First person has its own share of challenges, but one of the trickier ones is describing your narrator. You’re always looking out, never in, and it can be awkward to have your character talk about their own attributes.
Before I go into things to try, let’s start with what not to do.
Avoid the Mirror
It seems like an easy answer to simply have your character look in a mirror and describe what they see, but it’s been done so many times (and done badly) that agents cringe when they see it. If you happen to start your book this way, it’s likely a kiss of death unless you've found a unique twist to it.
Avoid the “Let Me Introduce Myself”
Another common cliché is to have the character introduce themselves in some way and then say what they look like. “I’m your average gal, five foot four, brown hair, blue eyes” or “I’m nothing special, six foot, black cropped hair and brown almond eyes.”
Be Wary of the “Slip in the Detail”
It’s not uncommon to see a detailed slipped in casually, but to me, it always feels awkward. “I brushed my long, blonde hair.” Who notices the length and color of their hair when they brush it? While it’s not a no-no, and folks do it all the time, you can do better.
Okay, now for the stuff you want to try.
It’s Like That
My favorite trick is comparison. People naturally look at other people and judge them in relation to themselves. I have my protagonist Nya show she has blond curly hair this way:
She (the sister) pushed a blond braid of her Healer’s ponytail off her shoulder, jingling the tiny jade and gold beads woven through it. Her hair looked pretty all smooth and straight like that. I couldn’t afford the irons to flatten my curls.I do the same thing in the new book:
He was handsome, if stern, with blue-black hair just as dark as mine.You can easily slip in a detail by noticing someone else.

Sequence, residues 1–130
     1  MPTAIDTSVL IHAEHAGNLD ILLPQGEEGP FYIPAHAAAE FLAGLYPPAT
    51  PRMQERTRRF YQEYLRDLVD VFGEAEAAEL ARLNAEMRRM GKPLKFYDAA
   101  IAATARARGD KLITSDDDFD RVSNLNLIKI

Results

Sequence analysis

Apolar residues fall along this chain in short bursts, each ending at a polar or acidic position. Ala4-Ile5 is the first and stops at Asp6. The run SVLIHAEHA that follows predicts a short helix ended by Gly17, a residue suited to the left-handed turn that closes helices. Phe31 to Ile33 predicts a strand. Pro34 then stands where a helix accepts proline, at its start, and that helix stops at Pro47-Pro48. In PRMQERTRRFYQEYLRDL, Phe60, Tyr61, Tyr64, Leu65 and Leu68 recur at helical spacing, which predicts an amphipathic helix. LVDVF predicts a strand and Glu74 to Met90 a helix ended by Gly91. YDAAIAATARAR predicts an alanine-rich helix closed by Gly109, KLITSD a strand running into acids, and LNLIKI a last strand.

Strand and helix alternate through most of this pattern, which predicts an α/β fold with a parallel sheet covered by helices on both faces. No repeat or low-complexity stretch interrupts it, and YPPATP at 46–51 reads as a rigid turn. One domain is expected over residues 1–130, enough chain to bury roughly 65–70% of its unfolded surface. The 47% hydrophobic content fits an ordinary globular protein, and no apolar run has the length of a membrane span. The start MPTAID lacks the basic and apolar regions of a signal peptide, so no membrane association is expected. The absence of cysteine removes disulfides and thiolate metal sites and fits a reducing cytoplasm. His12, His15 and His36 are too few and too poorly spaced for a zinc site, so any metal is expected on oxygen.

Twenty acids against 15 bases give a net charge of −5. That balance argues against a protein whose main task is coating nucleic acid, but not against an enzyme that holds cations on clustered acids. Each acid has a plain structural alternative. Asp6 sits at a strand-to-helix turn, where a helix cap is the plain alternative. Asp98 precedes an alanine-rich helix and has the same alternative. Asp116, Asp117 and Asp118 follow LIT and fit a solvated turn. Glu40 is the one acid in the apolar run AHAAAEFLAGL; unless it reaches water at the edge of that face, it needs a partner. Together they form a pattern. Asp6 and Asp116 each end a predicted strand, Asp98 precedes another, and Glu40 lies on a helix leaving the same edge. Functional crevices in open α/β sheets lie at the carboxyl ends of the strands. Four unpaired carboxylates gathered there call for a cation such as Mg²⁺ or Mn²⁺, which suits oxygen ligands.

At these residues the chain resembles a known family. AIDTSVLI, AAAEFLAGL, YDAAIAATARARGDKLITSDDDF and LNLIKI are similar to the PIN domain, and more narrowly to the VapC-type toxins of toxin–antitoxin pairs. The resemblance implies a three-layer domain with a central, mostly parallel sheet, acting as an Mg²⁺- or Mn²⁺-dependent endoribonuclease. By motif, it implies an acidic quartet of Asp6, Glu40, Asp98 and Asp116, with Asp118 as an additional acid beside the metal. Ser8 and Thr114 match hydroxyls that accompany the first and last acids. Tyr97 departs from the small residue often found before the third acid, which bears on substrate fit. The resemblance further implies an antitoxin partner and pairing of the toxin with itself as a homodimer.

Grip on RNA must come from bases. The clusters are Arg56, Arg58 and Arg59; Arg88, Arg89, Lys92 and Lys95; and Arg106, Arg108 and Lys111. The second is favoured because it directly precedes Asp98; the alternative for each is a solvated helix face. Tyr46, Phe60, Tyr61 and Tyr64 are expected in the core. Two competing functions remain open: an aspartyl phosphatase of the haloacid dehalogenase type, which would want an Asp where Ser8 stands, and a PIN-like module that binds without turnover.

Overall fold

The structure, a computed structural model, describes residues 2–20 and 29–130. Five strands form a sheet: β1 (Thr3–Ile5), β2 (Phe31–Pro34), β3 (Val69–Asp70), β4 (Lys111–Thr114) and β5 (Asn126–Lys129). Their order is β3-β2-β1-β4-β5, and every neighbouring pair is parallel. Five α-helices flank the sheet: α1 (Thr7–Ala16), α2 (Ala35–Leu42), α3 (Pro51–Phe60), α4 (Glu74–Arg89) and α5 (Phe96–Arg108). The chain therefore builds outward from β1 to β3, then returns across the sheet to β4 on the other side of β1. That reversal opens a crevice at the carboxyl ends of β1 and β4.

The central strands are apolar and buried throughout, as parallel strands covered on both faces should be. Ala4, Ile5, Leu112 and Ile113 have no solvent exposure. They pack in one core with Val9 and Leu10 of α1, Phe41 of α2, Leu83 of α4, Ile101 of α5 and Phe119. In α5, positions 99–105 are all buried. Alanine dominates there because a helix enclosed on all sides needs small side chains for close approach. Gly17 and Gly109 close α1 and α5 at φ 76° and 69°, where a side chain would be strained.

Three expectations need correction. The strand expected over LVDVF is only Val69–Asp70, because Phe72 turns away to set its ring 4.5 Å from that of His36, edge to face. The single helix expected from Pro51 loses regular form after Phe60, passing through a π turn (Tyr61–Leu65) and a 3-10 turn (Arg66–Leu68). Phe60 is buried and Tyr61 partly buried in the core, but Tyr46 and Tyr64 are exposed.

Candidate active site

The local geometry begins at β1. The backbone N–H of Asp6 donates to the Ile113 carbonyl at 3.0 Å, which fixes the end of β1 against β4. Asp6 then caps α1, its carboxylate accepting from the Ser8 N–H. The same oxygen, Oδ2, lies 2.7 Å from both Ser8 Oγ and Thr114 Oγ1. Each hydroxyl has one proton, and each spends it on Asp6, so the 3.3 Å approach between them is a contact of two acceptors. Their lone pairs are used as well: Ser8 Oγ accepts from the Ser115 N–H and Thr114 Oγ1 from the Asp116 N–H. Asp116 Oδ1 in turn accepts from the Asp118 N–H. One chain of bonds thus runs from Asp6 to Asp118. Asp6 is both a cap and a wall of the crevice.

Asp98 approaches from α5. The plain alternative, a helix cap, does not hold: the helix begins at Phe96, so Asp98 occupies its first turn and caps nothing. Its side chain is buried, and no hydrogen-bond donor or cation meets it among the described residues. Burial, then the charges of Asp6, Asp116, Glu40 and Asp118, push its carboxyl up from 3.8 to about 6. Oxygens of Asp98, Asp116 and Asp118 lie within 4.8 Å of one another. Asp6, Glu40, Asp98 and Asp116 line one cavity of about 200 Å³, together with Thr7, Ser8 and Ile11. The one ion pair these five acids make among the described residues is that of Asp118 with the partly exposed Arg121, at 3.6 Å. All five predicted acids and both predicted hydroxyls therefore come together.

Joke About it
You can also have your character remark on an attribute in a self-deprecating way that fits what they’re doing. I said Nya was short this way:
It gained me a few paces but he had the reach on my short legs.People don’t mind pointing out their flaws (it’s weird, but we do it) as a way to deflect criticism. Characters can do it too.
Take a Hint
Hinting at things is another way, allowing the reader to figure things out without spelling it out. If your narrator is short, show them reaching for things just out of their range. Tall? Let them duck or bang their heads on things. If their hair is long, let them shove it out of their face or twist it back in a ponytail. Look for things that someone with that trait does or encounters that’s unique to them.
Let Others do it
You can always have someone else comment on your narrator’s looks. Call them Red, or Shorty, or Cueball or whatever. Say they wish they had curly hair or a pug nose or freckles. People comment on looks all the time.
Whatever you do, try to make it flow smoothly with the narrative. If it sounds awkward or unnatural, cut it. Good description is seamless, especially if it’s about the person describing it.
How would you describe a first-person character?